They say a picture’s worth a thousand words, and this just might be that one picture. If you look closely and if you know your dog leashes, you’ll see part of what I know to be an elegant, leather dog collar-leash set over-lapping an Easy Walk harness.
Think of them both as tools because in the truest sense of the word, that’s what dog collars, leashes and harnesses are. And, if you’re an experienced dog person, you know something else.
You know that not every dog collar, leash and/or harness is created equal. Some of them work better than others and not every dog collar, leash and/or harness works for every dog.
Got a dog that pulls when you walk it? Aside from the obvious “get thee to an obedience class so that you can learn how to work with your dog,” there are several different types of harnesses that will make walking your dog easier. For you and for your dog.
Up until that scary day when Tessa and I were trail-walking, I thought I knew everything that I needed to know about harnesses. I’m still not sure how she did it, but somehow, Tessa managed to get out of the harness she was (I thought) securely clipped into. And, I am talking a body-type harness that fit over and under the front part of her body.
This took place in the early days of having Tessa – when she and I had just enrolled in an obedience class. You could say that Tessa was still learning leash manners and how to focus on me and not on the ga-zillion other things that she could see and/or smell.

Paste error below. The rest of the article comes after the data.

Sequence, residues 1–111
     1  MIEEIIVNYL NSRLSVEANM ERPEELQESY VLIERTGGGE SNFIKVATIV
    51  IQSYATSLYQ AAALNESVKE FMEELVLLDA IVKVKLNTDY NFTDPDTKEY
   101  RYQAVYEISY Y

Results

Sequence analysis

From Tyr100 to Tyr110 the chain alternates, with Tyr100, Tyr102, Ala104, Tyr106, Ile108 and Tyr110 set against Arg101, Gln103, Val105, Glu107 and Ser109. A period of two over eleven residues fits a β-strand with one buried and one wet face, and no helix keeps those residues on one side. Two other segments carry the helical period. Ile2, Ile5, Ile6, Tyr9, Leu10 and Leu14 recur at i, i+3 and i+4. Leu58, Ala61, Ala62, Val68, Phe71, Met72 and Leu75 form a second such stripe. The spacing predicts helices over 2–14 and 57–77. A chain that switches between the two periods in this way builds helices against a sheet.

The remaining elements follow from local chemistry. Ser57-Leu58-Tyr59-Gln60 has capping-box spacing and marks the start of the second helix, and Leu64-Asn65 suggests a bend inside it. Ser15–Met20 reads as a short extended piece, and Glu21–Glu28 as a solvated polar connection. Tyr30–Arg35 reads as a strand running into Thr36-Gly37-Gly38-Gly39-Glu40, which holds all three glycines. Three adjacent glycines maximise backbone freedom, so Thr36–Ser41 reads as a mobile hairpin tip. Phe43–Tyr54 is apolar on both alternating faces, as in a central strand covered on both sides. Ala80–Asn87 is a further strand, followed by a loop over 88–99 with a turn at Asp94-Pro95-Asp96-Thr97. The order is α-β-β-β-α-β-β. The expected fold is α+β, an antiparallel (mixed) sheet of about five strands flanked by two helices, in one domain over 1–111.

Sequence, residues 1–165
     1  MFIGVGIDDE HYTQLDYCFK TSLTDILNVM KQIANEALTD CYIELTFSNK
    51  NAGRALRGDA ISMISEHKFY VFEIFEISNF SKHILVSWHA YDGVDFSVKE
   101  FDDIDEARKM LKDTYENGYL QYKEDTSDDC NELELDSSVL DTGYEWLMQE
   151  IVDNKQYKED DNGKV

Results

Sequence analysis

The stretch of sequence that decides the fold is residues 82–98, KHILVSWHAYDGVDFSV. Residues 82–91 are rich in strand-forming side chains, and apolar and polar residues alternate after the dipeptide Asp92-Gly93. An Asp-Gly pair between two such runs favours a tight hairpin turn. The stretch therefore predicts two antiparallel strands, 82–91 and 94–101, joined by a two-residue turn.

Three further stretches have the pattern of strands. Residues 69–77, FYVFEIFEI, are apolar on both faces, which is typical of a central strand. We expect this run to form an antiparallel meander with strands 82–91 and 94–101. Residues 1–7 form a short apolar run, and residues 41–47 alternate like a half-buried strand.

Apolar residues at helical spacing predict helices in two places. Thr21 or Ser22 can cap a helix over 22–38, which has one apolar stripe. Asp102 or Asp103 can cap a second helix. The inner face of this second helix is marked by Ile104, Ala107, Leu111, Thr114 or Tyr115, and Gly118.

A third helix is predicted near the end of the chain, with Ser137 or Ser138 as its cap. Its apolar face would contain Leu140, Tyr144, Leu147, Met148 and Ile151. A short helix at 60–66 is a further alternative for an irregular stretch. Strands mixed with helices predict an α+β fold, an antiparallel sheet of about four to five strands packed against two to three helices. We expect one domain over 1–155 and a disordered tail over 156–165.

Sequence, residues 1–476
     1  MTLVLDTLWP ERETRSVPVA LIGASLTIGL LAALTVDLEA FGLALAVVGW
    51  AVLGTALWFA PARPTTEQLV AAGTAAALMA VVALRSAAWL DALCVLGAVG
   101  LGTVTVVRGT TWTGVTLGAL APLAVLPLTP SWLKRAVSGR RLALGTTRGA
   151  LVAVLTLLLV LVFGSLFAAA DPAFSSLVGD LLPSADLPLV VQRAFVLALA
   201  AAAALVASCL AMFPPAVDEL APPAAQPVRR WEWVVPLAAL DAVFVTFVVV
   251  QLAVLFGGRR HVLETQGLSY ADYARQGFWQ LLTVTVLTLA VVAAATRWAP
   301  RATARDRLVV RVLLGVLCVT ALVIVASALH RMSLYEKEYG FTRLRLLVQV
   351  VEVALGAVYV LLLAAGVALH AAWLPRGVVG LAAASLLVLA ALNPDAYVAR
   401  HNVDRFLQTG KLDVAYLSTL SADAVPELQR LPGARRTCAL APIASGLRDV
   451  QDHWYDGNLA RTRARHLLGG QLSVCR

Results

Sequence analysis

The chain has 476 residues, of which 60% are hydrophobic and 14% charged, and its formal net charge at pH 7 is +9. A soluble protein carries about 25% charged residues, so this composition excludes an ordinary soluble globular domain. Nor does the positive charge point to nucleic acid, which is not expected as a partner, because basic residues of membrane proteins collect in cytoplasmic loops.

Out she popped and in a split second, she was three or feet away from me. Fortunately, she decided to squat and pee which gave me enough time to casually walk over to her and hook her collar to my leash.
So much for the harness I’d picked out for her shortly after bringing her home. It was time to come up with a safer alternative. Which I did and blogged about.
On the day that I had Debbie Wolf out at Orchard Kennels fit Tessa for an Easy Walk harness, I found out that there are even differences between the types of hardware that are part of a dog collar, leash and/or harness design. And, brass is better!
Debbie said: “Dogs can pop out of leashes that have nickel-plated hardware much easier than they can with leashes that have brass hardware.”
She also said that it’s difficult to find leashes made with brass hardware, but that they are worth the time it takes to hunt them down. In the rather extensive dog collar, leash and harness collection that I’ve put together over years of living with dogs, I had one collar and one leash that were fitted with brass hardware.
Together they were a set, part of which you can see in the photo and they came with Josephine, my 14-15 year old whippet. Whippet people have the most lovely accessories for their dogs.
The collar is completely unsuitable for Tessa. Despite her diminutive size (18 pounds), she pulls like an over-enthusiastic pit bull mix or a rambunctious, really-wanna-play German Shepherd.
But the leash is perfect. And, so far, the combination of the Easy Walk harness, this leash, lots of practice and dog treats, Tessa’s doing fine. And, I have started my hunt to find a supplier of leashes with brass fittings … because one such leash is only adequate. Two is better and three or four is dog-lover paradise!
It’s like this: if I can no longer enjoy the human perfection and status of wearing Ferragamo shoes, the very least I can do for all three of my dogs is to upgrade their canine wardrobe for my peace of mind, their safety, and our mutual enjoyment.
Because I can. [gplus count=”true” size=”Medium” ]